The United States wants to send American astronauts to the surface of the Moon in five years and establish a permanent human presence there.
The plan involves constructing a "lunar gateway," an orbiting laboratory that will serve as a jumping-off point where astronauts can stay before exploring Earth's natural satellite. Eventually, NASA wants to send astronauts to a manned mission toward Mars and further into the solar system.
Humans In Space
These all sound so exciting but the problem is that space is not welcoming to humans. Astronauts who will be sent to space face numerous risks, including cosmic radiation.
The International Space Station, where currently six people live and work, is just 254 miles or about 408 kilometers above the planet. Its crew is largely protected from cosmic radiation by the Earth's magnetosphere, allowing them to stay well under the limits set in place by NASA.
However, the Moon is nearly 240,000 miles away from where the magnetosphere can no longer offer an umbrella against harmful cosmic rays. Mars is even further away.
When the Curiosity rover traveled from Earth to the Red Planet, it discovered that a one-way trip would subject astronauts to an additional 0.3 sieverts of radiation. Going to Mars would expose astronauts to radiation that is equivalent to 15 times the annual radiation limit for workers at nuclear power plants.
It is not deadly, but it can cause serious harm. Exposure to radiation has been linked to an increased risk of cancer.
Scientists still do not fully understand how long-term exposure to radiation in deep space would affect the human body. The only people who have spent time outside of the protective bubble of Earth where the Apollo astronauts who stepped on the Moon decades ago.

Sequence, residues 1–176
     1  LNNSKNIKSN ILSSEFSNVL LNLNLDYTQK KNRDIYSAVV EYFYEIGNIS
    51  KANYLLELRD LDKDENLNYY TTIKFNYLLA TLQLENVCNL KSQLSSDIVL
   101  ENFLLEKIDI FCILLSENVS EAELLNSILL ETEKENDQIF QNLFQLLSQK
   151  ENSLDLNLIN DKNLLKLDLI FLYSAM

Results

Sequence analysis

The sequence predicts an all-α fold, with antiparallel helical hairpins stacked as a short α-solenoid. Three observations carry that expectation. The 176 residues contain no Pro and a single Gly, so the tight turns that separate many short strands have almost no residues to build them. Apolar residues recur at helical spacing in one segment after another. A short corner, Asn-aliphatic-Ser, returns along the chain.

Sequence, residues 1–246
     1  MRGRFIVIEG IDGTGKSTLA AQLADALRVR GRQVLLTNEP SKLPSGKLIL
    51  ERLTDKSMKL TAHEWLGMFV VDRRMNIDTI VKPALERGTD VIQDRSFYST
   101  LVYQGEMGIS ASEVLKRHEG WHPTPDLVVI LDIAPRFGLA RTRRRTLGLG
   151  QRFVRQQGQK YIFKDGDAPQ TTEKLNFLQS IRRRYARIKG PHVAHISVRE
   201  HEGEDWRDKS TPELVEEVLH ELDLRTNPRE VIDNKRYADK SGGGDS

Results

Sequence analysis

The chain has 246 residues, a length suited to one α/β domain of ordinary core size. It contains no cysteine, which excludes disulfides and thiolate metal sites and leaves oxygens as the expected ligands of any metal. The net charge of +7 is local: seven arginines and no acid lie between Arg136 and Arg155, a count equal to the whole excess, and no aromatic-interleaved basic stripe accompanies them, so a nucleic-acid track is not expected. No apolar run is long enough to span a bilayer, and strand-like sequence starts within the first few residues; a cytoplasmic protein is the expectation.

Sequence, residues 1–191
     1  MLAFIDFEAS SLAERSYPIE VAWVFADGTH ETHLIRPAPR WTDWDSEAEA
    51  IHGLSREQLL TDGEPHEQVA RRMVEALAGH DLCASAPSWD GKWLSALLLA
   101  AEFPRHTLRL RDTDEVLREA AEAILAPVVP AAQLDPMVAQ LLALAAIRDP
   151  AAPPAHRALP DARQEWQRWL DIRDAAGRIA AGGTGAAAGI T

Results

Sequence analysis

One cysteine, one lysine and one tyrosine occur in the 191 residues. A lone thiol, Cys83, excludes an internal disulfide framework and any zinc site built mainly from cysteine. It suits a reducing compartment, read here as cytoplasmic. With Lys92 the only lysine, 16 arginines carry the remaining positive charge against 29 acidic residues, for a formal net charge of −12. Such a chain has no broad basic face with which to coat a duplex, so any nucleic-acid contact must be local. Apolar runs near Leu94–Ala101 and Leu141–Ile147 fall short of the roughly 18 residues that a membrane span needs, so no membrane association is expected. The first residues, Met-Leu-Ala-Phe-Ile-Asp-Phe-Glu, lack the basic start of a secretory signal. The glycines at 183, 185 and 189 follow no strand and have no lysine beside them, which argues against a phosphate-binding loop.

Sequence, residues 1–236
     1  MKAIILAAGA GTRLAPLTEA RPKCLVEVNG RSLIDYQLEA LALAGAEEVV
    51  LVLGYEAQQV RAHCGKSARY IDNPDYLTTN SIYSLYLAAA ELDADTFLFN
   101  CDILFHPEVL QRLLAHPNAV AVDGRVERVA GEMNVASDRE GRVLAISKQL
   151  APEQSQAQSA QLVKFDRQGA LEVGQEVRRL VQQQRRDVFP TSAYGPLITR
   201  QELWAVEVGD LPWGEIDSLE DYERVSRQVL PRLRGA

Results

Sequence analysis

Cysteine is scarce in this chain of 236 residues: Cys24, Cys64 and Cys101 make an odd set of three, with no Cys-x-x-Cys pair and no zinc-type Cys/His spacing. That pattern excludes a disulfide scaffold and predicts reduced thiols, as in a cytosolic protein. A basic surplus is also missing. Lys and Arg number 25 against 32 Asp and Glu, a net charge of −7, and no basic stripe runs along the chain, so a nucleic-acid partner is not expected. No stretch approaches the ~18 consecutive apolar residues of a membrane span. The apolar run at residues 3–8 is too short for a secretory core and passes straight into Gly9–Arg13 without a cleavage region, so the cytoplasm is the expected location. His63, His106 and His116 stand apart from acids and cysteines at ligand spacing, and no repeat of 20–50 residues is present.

More recently, NASA tried to understand the effects of spaceflight on the human body through the "Twin Study." Astronaut Scott Kelly was sent to the ISS for a year, which is double the length of a typical mission.
When Kelly returned to Earth, he scored lower in cognitive tests and his doctors could not figure out why it was taking him a long time to recover.
Mathias Basner, a psychiatrist who led the cognitive testing, suggested that exposure to higher radiation might have contributed to the changes in the astronaut's cognitive capabilities. Living in an isolated environment for a long period of time might have also done some damage. He also noted that going back to Earth's full gravity can be pretty taxing.
"It takes some time for the brain to adapt to the [space] environment, and apparently it also takes some time to adapt back to the gravity environment," Basner explained to Vox. "There are 20 things going on at the same time" that could affect cognition.
What NASA Is Doing To Ensure Safety Of Astronauts In Space
Space is a hostile place, but NASA continues to study how long-haul spaceflight would affect the human body and figure out how they can protect astronauts who venture further into the solar system. The U.S. space agency mainstains a Human Research Roadmap that highlights the known and the unknown risks of going to space.
One of the things that NASA is trying to figure out as part of the road map is how much radiation a human can take before falling seriously ill.
"Ultimately, the solution to radiation will have to be a combination of things," said Jonathan Pellish, a space radiation engineer. "Some of the solutions are technology we have already, like hydrogen-rich materials, but some of it will necessarily be cutting edge concepts that we haven't even thought of yet."